Kayaking is one of the best ways to spend time outside and enjoy nature for all it’s worth.
It has a ton of health benefits – both mental and physical – and the best part is that you don’t even have to own one to try it! There are plenty of rental spots available that will give you as much time as you need to explore. The truth is you don’t have to stray too far from Vancouver to be out on the water surrounded by nature.
For most of these destinations you don’t even have to drive an hour to get to them from central Vancouver. Each one is unique and has a different story to be told. Who knows what you may stumble into on your paddling journey! Just remember, be safe and don’t forget to wear a life jacket!
Here are the top 10 kayaking destinations in and around Vancouver.
Deep Cove is a bustling harbour community that is surrounded by mountains, lakefront properties and trees. It is also listed as the best location to kayak for two reasons, its beauty and the support it gets from passionate paddlers thanks to Deep Cove Kayaking. Deep Cove Kayaking offers a wide variety of different services from rentals of kayaks, surf skis and SUP’s to full-day kayaking tours.
If you want a prime view of Vancouver, the waterfront Jericho beach is the place to go. Jericho Beach features long stretches of beach that is home to residents and travellers looking to relax and soak up the region’s beach scene. It is also home to the Royal Vancouver Yacht Club which features a wide range of unique looking sailboats. You can rent kayaks from Ecomarine and have the choice of exploring for two hours till the full day. Other places of interest to visit include Wreck Beach and Kitsilano should you want a longer paddling journey.
Should you want to see Vancouver City up close, paddling False Creek would be your best bet. You can rent kayaks from Creekside Kayaks and paddle along the cove taking in the sights of the city. Some popular stops you may want to pass by include Granville Island, which has a fantastic local market to explore, Science World and English Bay. This is the best paddling destination for the urbanist who would like access to craft beer and ice cream after their paddling excursion.
This is a personal favourite of mine.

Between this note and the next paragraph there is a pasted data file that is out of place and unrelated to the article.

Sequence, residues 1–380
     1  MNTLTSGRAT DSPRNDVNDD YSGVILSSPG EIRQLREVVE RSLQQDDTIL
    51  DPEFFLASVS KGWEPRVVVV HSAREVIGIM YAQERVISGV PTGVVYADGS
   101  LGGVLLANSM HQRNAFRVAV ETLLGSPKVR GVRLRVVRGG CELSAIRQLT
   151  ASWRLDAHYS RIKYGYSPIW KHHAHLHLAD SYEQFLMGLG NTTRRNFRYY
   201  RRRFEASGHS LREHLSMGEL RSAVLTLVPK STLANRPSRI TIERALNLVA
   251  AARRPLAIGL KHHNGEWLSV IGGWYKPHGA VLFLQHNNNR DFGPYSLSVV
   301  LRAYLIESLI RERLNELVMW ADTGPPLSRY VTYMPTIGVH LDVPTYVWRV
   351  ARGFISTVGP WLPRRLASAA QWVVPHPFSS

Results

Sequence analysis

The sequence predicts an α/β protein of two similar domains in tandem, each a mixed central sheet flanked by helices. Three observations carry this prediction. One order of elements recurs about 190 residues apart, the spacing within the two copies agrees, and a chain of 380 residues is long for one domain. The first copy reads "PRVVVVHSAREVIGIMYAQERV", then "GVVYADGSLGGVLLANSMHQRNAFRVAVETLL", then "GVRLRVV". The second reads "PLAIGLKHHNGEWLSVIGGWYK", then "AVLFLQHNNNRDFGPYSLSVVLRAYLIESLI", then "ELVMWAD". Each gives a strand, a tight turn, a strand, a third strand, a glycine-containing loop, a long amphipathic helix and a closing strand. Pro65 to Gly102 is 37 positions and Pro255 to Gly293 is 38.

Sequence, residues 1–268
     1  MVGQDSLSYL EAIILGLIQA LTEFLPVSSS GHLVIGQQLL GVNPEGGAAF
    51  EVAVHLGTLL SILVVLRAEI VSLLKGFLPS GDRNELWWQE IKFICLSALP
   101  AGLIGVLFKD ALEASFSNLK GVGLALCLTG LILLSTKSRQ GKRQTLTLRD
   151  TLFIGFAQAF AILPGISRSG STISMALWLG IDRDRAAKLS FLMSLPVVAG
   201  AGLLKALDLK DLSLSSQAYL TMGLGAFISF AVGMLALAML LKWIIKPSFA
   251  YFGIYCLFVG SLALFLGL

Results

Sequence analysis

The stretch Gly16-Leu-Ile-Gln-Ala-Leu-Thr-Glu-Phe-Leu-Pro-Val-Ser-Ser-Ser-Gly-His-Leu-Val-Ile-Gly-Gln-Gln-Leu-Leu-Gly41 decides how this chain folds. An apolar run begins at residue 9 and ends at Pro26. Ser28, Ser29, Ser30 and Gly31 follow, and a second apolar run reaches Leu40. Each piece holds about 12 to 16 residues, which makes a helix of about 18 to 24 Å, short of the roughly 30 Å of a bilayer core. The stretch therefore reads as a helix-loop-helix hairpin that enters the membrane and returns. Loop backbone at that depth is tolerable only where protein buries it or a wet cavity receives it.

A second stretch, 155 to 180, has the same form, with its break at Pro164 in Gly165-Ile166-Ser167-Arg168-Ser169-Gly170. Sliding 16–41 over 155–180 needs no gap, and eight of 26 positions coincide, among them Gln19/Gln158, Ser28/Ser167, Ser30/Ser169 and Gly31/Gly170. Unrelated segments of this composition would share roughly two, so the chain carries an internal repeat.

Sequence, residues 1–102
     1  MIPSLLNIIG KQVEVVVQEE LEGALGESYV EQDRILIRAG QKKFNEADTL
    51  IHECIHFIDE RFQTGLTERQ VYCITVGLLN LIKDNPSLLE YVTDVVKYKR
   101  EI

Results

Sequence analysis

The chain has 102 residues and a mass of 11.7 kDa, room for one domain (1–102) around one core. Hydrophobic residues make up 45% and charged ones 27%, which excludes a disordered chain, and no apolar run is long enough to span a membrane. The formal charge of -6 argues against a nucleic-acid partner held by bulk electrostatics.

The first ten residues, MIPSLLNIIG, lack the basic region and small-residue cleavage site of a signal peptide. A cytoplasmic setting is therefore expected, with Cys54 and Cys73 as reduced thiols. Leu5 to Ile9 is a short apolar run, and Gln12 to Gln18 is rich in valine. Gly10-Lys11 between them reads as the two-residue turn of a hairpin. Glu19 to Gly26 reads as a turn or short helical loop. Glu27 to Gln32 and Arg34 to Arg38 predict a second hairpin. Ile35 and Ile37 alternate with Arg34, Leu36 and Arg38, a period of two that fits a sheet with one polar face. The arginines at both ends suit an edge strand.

Located south of Vancouver, Crescent Beach sits just north of White Rock and features some unique natural landscapes. It is not uncommon to run into harbour seals, herons and bald eagles along the beach and the Nicomekl River. The Nicomekl is one of my favourite spots because of its uniqueness at every bend.
Paddling down the river you will stumble into the Nicomekle Rowing club and Elgin Heritage Park. As you paddle even further you will see parked old boats scattered throughout the river. Be wary though; look at the tide tables before heading over there because paddling against the current can become quite the chore, especially if you are paddling a recreational kayak.
Another destination for the Vancouver urbanist, Cole Harbour offers unique views of Canada Place, North Vancouver and Stanley Park. One of the best places to paddle is along the sea wall and into Stanley park’s harbour which is home to the Vancouver rowing club and a variety of different boats ling up the marina. Sometimes you will even stumble upon frolicking otters and seals that like to lie on the docks.
Port Moody is a great little harbour town that is surrounded by hiking trails that gives you the choice between freshwater and saltwater kayaking. Choose between Sasamat Lake (White Pine Beach) and the more northern Buntzen lake for freshwater destinations. If you are looking for kayak rentals Rocky Point has you covered as you can rent kayaks, paddle boards and canoes around the port from anywhere from two hours to multiple days if you are planning on going somewhere.
Home to the largest commercial fishing harbour in Canada and a certain curious sea lion, Steveston is also a great location to view the Dyke trail dog park, London Heritage Farm as well as Steveston Harbour and the accompanied Garry Point Park. If you are a more advanced paddler you can also paddle southward to see Shady Island and the Reifel bird sanctuary where you can see a wide variety of waterfowl. You can also rent kayaks from Kaymaran Adventure tours where they give you in-depth information on the fishing community and on one of Canada’s largest rivers, the Fraser River.
If you have your own kayak and you want to venture north of Deep Cove for a bit more nature and fewer people the Indian Arm is for you. The Indian Arm stretches for 20 km and is surrounded by provincial parks such as Belcarra Regional Park, Say Nuth Khaw Yum and Mt Seymour Provincial Parks. Should you want to make it a multi-day trip there are wilderness campgrounds at Bishop Creek (west side), Granite Falls, and Twin Islands which are particularly popular among kayakers.
Home of the Fort Langley Canoe Club, Fort Langley is located along the Fraser River mainly sheltered by Mcmillan island. It is a cool little historic up and coming town that lines up waterfront property and mud flats. There is a spot for kayak rentals on Mcmillan island called Ridge Rentals.
Located just on the US border, White Rock beach is a cool beach town to kayak that features lots to overlook, such as the Pierre, East Beach and Coldicut Park. There are rental places for kayaks and SUP’s on both the West Beach and East Beach area depending on where you are stationed but I personally like Feral Board Sports. If you fancy a bit of a journey try paddling from White Rock to Crescent Beach, where you will probably see at least a few eagles, herons and the surrounding rocky shoreline that transforms into sandy beach once you hit either White Rock or Crescent Beach.